“[…] NJAC believes that contrary to what has been recently expressed by the commissioner of police, the suspension of the officers should not be determined by the number of officers involved—but rather based on principle and process.
Such action would ensure that the investigative process is transparent and would engender more confidence by the public in the process…”
The following press statement on the Trinidad and Tobago Police Service response to the killing of Morvant residents Joel Jacobs, Isaiah Clinton and Noel Diamond and the effectiveness of the Police Complaints Authority (PCA) was submitted to Wired868 by the National Joint Action Committee (NJAC):
The National Joint Action Committee (NJAC) calls for the immediate suspension of the police officers involved in the shooting of three men at Juman’s Drive, Second Caledonia Morvant, on Saturday 27 June 2020.
NJAC believes that contrary to what has been recently expressed by the commissioner of police, the suspension of the officers should not be determined by the number of officers involved—but rather based on principle and process.
Such action would ensure that the investigative process is transparent and would engender more confidence by the public in the process. As it is often times said, justice must not only be done, but also appear to be done.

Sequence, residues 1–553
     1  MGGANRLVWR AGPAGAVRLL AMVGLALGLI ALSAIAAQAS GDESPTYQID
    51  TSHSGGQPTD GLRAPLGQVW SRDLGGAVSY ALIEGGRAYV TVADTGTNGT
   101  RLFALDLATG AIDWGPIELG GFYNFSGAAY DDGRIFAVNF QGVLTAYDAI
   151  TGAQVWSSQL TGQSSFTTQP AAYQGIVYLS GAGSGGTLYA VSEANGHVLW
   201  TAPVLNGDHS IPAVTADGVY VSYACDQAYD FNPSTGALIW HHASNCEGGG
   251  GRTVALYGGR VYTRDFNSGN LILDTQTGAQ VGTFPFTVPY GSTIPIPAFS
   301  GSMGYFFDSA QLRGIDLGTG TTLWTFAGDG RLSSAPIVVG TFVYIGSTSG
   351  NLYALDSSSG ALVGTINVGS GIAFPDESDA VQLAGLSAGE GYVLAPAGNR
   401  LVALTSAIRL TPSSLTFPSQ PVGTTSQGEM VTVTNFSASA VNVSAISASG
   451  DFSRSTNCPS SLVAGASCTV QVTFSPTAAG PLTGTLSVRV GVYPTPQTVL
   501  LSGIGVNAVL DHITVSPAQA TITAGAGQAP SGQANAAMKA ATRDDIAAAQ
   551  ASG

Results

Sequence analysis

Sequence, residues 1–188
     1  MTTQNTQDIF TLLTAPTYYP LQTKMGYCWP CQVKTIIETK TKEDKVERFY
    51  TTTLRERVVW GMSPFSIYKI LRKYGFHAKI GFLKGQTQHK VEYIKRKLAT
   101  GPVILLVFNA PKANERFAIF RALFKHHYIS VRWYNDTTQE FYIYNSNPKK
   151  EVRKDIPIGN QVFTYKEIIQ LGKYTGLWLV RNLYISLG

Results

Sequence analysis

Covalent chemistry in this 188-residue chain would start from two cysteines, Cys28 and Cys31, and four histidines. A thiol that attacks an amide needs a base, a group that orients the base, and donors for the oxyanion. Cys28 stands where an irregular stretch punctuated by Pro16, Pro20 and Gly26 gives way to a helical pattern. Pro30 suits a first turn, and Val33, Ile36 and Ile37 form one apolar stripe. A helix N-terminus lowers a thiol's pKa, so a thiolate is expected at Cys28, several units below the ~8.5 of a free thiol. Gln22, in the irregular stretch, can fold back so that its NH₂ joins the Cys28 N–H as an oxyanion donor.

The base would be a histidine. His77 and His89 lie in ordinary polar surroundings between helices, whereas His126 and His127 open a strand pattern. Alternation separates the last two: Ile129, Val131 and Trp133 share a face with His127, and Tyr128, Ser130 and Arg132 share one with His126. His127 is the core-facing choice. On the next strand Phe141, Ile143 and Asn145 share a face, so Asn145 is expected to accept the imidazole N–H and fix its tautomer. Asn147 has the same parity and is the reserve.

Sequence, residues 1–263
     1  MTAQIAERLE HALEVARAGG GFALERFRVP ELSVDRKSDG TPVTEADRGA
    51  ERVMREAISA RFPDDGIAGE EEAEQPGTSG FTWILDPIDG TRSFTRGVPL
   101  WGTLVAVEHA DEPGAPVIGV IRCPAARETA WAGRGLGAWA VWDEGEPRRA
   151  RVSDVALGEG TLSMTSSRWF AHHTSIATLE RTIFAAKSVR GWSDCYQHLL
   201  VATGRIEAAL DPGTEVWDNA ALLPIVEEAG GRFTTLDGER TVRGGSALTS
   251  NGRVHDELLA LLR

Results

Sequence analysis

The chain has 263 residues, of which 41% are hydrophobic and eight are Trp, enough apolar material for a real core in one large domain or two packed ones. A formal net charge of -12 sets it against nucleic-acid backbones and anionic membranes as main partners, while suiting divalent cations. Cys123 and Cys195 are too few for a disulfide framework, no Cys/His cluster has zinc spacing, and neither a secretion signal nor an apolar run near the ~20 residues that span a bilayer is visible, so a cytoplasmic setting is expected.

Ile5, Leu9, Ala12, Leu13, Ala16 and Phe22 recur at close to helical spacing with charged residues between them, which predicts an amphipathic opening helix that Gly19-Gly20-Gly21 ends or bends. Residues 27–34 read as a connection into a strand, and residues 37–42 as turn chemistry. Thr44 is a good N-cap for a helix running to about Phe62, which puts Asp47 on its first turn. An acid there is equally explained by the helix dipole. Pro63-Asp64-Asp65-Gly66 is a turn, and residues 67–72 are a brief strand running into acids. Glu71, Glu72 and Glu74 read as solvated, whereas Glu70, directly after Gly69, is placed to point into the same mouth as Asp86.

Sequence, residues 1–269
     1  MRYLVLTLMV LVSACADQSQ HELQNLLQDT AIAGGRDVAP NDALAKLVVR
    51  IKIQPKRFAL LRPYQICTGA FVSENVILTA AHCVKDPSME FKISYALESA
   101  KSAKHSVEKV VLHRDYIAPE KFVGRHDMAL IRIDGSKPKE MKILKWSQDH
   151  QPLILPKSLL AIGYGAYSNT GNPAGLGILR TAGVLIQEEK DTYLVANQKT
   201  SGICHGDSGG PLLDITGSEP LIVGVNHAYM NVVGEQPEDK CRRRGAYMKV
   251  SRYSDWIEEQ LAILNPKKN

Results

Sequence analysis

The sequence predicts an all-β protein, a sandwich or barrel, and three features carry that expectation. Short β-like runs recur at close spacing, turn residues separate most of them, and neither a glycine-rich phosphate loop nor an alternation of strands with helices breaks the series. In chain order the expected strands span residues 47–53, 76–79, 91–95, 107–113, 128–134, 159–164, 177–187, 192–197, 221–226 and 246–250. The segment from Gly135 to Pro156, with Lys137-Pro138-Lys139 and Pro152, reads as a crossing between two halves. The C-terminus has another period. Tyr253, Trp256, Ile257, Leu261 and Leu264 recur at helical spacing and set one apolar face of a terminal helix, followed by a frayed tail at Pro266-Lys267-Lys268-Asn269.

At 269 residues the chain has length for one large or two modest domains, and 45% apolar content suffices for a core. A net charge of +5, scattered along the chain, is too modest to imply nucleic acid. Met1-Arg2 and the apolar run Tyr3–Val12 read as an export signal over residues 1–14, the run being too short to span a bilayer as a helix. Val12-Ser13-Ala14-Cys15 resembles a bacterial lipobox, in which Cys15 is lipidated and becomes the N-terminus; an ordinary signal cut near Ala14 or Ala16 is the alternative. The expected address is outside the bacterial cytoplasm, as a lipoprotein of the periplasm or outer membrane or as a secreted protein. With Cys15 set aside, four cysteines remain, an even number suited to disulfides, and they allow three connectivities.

Failure to adopt this course of action can only serve to worsen an already inflamed situation.
NJAC also calls for urgent amendment to the Police Complaints Authority Act in order to increase the effectiveness and authority of the Police Complaints Authority (PCA). According to director of the PCA David West, quoted in a newspaper article headlined ‘Toothless PCA wants power on Friday 29 June 2018:
“People say we are toothless. There is no way for us to enforce those complaints. Once these complaints are sent to the commissioner, the authority does not know what happens to them. There is no duty on the police commissioner to inform the PCA of what happens.”
As it stands, the public has very little confidence in the power of the PCA to deal effectively and independently with matters involving the investigation of police officers.
It is NJAC’s view that whenever people believe that they are being denied justice and fair play—especially when this denial is based on historical prejudices, such as, where they live or which sector of the society that they come from—they conclude that the only way their voices can be heard, or their issues addressed, is through protest action.
This is what we have seen over the years, occurring in various communities. The present situation is but another instance.
This is what led to the development of the People’s Revolution of 1970.
NJAC believes that justice must not be seen to be the preserve of any selected group—but must be a right of every human being. In its absence, the trust and confidence of the people in the system is eroded. This opens the gates to public expressions of discontent in ways which may not always be seen as desirable.
This however, should not be seen as a war between the police and the people, but rather as a struggle for justice.